If all of this sounds overwhelming, it’s with good reason. Sitting with Cheryl Groce-Wright at a table in the exact middle of the Center was like being at the epicenter of the most productive hurricane ever. An adult computer course was in progress about a foot from me, a line of small children snaked happily by on their way outside, something inside the on-site kitchen started to smell amazing, and a neighborhood resident stops by to get something from the library. Those kids, by the way, are enrolled in an official Montessori preschool program with a sliding-scale weekly tuition (“We thought, why stop at just after-school care? Why not offer a preschool? And why stop at just a preschool, why not have the best preschool?”). They ate a vegetable-laden lunch on tiny picnic tables under a tree outside, chatting with each other and generally seeming well-behaved and jubilant.
Meanwhile, Groce-Wright recounts the success of their newest tax preparation program, which turned in more than 70 tax returns in its first year alone. Oh, and have you seen our enormous garden out back, with its raised beds, tended by the kids, who frequently turn the vegetables into their next nutritious meal?
This building practically pulses with the fruits (and vegetables) of the very hard work of so many committed residents. A “center,” it truly is, and Groce-Wright’s own down-to-earth, “let’s make things happen” friendliness is evident throughout. Recently, it’s starting to make beneficial partnerships with nearby organizations like Church Hill Activities and Tutoring and Peter Paul Development Center that have made even more resources possible. But that’s not to say the NRC Is without need–they’re constantly looking for volunteers to tutor kids, teach a class, work in the gardens, lead a workshop, all sorts of things.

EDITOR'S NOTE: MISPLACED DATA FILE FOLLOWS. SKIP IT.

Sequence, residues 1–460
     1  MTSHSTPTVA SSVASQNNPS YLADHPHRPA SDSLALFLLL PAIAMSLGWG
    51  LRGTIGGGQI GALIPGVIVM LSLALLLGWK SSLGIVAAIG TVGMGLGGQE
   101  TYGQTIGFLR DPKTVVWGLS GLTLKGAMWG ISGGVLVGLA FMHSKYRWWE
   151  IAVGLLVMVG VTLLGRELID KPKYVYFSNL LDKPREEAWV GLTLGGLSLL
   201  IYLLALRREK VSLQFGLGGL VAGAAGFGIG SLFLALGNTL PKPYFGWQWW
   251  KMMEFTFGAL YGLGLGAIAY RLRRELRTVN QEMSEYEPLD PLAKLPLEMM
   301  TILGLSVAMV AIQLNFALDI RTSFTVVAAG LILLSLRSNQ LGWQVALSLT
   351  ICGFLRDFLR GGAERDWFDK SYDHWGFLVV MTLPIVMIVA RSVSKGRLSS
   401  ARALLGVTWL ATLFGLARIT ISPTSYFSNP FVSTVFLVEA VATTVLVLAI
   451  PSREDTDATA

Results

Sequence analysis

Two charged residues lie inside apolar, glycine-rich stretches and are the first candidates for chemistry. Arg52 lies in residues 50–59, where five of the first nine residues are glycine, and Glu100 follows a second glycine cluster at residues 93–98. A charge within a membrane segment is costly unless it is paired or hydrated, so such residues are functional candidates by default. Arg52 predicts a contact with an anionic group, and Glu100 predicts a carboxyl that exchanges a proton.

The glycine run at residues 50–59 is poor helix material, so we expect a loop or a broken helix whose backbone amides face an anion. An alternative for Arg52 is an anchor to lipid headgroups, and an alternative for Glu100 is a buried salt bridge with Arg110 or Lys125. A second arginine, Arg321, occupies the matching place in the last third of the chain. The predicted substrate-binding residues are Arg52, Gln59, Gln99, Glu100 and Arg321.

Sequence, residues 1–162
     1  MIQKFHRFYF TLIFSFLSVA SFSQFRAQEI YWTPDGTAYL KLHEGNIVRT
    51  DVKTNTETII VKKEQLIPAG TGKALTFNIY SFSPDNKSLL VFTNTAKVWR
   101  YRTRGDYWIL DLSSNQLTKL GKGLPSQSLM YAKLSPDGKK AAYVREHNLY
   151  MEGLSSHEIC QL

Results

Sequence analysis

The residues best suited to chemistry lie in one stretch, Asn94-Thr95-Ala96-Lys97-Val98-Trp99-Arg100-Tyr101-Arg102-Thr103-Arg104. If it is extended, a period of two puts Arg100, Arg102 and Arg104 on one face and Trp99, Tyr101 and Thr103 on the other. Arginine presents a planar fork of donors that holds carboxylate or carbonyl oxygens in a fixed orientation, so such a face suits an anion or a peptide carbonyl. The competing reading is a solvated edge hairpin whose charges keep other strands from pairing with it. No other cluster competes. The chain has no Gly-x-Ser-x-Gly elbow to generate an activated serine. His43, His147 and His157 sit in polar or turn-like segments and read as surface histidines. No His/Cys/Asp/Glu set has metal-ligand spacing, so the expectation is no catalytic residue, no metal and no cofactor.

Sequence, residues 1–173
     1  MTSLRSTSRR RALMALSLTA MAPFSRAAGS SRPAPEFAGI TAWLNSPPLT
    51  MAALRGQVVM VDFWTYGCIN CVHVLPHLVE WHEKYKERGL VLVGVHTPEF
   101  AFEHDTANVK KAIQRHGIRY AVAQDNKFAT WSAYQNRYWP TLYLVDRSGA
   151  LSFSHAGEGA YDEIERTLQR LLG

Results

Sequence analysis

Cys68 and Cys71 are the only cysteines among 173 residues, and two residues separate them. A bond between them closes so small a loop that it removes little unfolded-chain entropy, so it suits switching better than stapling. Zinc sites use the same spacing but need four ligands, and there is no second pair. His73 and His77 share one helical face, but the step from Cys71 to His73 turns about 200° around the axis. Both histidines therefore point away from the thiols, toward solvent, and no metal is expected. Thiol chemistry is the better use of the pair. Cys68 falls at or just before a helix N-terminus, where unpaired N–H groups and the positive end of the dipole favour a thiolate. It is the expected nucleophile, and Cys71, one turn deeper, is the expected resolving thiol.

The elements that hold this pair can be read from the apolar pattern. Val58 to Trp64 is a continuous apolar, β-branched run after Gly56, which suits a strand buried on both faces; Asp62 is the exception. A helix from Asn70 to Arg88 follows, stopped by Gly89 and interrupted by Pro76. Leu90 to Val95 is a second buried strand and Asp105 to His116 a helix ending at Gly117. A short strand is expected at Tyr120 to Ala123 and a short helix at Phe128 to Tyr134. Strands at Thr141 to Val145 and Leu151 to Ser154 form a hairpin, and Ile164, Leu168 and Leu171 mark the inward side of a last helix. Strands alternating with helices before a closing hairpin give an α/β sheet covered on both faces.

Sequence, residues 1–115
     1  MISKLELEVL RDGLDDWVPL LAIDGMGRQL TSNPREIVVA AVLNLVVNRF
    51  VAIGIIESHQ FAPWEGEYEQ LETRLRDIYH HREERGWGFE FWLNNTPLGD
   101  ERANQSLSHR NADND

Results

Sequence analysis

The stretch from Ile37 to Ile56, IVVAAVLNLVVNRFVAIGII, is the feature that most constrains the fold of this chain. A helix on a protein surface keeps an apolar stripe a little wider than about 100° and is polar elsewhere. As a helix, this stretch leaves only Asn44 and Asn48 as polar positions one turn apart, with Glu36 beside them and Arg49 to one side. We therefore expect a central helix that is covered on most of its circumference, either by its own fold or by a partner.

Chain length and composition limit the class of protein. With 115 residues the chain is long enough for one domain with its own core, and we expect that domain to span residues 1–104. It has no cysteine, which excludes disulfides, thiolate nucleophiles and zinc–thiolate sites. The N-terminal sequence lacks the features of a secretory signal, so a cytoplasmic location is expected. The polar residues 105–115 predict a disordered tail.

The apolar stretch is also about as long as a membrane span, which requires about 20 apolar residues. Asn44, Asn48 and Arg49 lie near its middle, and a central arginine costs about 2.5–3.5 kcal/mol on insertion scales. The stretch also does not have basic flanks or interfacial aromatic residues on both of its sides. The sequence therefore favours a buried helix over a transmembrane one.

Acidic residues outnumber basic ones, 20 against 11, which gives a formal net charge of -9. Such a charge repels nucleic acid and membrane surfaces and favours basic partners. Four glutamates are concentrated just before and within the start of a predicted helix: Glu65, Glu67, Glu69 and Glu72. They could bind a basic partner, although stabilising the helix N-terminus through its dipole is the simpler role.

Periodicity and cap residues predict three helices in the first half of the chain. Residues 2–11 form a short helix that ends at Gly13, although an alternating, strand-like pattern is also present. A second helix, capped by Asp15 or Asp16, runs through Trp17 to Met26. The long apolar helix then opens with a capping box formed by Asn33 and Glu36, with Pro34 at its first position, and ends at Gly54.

So with so many ideas for further expansion and programming, what’s Groce-Wright going to use her $17,500 fellowship grant for?
After observing so many communities get on their feet and seeing the pride and empowerment that comes from hoeing your own row, she has a notion that teaching a community how to organize itself, and then turning that community into a teacher of another community may just make change expand exponentially.
“For me,” she says. “I’ve seen such amazing transformation happen in people’s personal lives when they’ve been invovled in changing their communities. Folks that really know that they’ve made an impact–it’s really life changing…Improve your own situation and then teach and help others make their own change.”
The first step is attending an international conference in England and learning from community developers from all over the world, then visiting cities who have made huge strides, like Chicago and Atlanta. Then, stay tuned. Groce-Wright has plans for Fulton that could inspire your own neighborhood to come take some lessons. And that’s really the idea.
“It seemed really natural to me that one of the outgrowths of NRC could be not only helping communities figure out what they need in order to help themselves, and help residents be not only part of the change, but teach that to other communities. Improve your own situation, then teach and help others make their own change.”
Keep an eye on Fulton as the next couple of years unfold. Any community powered by the energy of Cheryl Groce-Wright, the team of volunteers and employees at the NRC, and the dedicated residents of the Greater Fulton area is bound for great heights.